Dear Readers, after our rather easy and domestic walk to the Sahnesturberl last week, this week we’re trying the slightly more difficult trails. But nothing should be attempted without a cappuccino and a biscuit with ‘Otztal’ on it. There are limits.
There are five valleys all leading away from Obergurgl, and today we were aiming for the Ferwaltaller, one of the more difficult areas to reach. If you look at the photograph above, you can see our path leading up away from the service road. As is usual, it zig-zags backwards and forwards across the slope, so that every time you think you’ve reached the summit, you discover there’s a bit more climbing to do. Still, off we went….
After about twenty minutes stiff climbing, we stopped for a break, and to admire the hills on the other side of the valley. This area is called the Seenplatte, and is part of the national park. There is no skiing development there, and so it is much wilder, and snow lies in pockets for a long time. One of these days I’ll be in good enough shape to attempt it, but my knees are a bit dodgy this year.
The cable car is just a little dot below. I love the way that its shadow seems to hang from it.
I like to look back and see how far we’ve already come. In the foreground above there are the last of the alpenroses, the diminutive rhododendrons that have just stopped flowering here. Obergurgl had a very hot June, and so there are marmots everywhere, but never when I have my camera unfortunately.
A male chaffinch makes his presence felt in the arolla pine trees below.
I’ve noted before that the butterflies love salt, and can often be found in swarms on any kind of fresh dung. But I didn’t know that they’d feed from sweaty humans as well. My husband had a particularly friendly Meadow Brown.
And so we walked on up, and crossed under the chairlift which they are testing for the winter. Every chair is weighted down with a dozen filled water canisters. The air was filled with beeping from the machinery and cursing in Austrian by the operators. But soon we were far away from all such goings-on.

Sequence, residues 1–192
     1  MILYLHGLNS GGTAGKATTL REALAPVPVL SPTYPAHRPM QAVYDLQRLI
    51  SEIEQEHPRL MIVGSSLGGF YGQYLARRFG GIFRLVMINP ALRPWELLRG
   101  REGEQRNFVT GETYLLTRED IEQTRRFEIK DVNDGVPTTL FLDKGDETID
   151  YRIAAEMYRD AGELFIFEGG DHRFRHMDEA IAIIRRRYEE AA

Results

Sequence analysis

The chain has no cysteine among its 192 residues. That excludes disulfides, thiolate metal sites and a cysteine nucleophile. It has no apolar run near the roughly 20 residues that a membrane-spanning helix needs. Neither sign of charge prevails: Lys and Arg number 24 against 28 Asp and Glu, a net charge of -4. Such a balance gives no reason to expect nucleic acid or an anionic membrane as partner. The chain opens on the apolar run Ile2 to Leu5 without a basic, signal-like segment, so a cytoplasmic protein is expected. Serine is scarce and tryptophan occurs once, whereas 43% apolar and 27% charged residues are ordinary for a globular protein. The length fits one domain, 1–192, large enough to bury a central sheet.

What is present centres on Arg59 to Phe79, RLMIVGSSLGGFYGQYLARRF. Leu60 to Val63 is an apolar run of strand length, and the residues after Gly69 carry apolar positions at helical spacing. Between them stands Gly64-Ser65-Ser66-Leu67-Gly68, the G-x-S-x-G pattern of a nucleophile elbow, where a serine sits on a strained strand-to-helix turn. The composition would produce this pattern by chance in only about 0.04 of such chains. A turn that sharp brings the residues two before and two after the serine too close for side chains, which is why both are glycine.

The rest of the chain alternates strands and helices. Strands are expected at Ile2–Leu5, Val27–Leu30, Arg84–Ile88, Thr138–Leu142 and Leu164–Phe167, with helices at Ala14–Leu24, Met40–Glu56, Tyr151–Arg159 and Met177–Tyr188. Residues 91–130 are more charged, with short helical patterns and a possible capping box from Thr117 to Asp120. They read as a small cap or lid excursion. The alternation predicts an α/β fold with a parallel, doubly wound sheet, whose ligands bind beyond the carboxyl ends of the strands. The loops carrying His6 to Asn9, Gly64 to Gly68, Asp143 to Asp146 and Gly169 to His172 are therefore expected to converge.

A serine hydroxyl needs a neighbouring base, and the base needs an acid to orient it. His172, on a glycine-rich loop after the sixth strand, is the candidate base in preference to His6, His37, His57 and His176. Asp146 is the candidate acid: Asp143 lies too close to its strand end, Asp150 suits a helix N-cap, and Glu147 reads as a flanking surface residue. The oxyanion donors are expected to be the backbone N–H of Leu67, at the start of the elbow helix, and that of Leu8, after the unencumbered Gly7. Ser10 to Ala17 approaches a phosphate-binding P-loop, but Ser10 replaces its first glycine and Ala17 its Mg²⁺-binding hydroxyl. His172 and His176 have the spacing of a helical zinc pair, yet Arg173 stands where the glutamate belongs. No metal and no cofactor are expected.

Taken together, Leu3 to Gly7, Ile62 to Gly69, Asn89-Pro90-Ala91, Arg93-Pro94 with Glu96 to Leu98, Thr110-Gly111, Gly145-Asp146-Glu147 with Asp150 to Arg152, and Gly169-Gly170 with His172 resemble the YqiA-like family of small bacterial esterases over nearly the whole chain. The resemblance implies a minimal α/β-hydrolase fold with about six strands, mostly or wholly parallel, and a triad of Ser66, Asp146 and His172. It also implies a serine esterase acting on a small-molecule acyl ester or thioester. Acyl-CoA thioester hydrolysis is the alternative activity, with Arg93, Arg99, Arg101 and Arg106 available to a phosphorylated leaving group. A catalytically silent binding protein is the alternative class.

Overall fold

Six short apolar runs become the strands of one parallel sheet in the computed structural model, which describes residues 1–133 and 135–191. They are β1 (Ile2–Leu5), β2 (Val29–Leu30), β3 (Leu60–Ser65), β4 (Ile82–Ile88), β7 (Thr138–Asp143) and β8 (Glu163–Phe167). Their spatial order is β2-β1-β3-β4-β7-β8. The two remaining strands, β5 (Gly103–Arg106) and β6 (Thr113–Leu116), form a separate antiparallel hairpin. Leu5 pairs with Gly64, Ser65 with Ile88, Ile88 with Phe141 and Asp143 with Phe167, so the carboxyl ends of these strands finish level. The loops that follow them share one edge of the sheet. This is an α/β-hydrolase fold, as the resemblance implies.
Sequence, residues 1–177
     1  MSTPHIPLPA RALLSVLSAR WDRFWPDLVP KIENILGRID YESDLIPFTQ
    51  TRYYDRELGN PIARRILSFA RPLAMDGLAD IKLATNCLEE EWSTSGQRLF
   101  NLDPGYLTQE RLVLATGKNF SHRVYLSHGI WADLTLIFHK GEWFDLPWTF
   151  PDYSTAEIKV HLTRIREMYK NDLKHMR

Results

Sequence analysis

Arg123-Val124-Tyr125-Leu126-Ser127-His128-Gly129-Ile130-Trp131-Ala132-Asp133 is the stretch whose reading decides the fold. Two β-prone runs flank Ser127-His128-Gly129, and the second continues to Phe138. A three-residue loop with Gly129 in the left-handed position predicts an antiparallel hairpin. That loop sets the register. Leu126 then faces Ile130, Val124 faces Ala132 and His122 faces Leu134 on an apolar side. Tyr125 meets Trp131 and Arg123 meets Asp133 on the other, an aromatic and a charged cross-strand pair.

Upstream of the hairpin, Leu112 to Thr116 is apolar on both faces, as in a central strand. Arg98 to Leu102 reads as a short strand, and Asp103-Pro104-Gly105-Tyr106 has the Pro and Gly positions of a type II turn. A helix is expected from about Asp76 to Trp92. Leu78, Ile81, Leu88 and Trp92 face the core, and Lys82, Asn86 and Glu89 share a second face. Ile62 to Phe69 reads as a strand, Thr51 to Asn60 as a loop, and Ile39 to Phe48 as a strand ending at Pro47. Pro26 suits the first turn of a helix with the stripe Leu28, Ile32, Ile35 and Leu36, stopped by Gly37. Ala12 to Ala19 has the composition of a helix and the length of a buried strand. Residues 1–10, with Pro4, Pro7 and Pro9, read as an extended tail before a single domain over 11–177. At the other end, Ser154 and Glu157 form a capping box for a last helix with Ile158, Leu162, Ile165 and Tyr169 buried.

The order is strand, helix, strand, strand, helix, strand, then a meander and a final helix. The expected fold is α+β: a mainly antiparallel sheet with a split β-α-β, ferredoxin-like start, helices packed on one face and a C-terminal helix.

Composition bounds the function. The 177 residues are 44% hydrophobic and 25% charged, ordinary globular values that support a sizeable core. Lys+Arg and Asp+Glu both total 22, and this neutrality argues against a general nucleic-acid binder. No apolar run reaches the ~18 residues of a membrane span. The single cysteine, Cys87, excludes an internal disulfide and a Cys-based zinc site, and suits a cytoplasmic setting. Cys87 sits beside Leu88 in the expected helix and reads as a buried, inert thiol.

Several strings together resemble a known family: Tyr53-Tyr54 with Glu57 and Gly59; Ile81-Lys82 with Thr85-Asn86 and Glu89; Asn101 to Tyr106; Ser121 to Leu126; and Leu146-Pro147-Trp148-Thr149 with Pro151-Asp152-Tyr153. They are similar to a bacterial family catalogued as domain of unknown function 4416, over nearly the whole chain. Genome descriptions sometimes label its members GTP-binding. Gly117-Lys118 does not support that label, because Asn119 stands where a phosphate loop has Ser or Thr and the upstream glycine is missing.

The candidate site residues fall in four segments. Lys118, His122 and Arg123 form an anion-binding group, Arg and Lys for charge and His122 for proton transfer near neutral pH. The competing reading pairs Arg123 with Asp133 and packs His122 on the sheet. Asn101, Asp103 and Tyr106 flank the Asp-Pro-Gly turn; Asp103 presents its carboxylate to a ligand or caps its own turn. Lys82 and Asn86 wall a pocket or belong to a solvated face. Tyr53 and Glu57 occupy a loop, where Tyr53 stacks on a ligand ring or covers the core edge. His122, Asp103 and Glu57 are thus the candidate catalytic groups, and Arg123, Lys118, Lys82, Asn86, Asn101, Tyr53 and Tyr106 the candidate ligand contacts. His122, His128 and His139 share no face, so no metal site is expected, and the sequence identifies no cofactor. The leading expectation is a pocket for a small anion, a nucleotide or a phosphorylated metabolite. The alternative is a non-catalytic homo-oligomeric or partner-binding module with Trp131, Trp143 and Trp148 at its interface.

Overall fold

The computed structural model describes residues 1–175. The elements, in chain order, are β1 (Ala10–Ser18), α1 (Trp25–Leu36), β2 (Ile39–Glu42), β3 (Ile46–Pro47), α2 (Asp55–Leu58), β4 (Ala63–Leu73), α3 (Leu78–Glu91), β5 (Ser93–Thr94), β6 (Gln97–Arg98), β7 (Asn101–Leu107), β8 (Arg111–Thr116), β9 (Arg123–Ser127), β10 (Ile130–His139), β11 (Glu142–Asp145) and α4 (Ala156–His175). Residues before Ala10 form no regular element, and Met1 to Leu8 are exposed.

This is the start of the Ferwalltaller – a stream runs through it, and also a strange clay pipe half-buried in the bank. Who knows what it’s for? But the worst of the climb was over, and we could start to enjoy the scenery.
There are some boggy areas, squelchy with moss and dotted with these white-flowered succulents which I think are a kind of saxifrage. The seedheads of the mountain avens (Geum montanum) remind me of little clematises.
The weather forecast for the day was decidedly dodgy, and so, as the clouds started to gather, we decided to head for home. It’s possible to feel very exposed out here in the mountains when there are storms forecast. The official advice if caught in a storm (of which there have been several in the last few days) is to separate yourself from anything metal (i.e. your walking poles), avoid any trees , large boulders or other ‘prominences’, and lay on the ground on top of your rucksack. I figured that this would be a most undignified position to be in, and so we made all reasonable haste to get back down to the village, hotly pursed by most unpromising thunderheads.
And when we got back to village level, it was to discover that the wind had dropped, the sun had come out, and all was delightful. And so there was nothing for it but to return to the Edelweiss and Gurgl hotel for an Eiscaffe (coffee and icecream with whipped cream on the top). What a tough life I have.
On Saturday, we head back home. I cannot wait to see what’s happened in the garden. I think a machete might be in order so that I can get to the shed.
In the meantime, here is a question for you all. What on earth do you think this machine does? It was parked on the road and looked like some kind of alien. I’m thinking some kind of road-sweeping, but do let me know if you have a more imaginative answer…..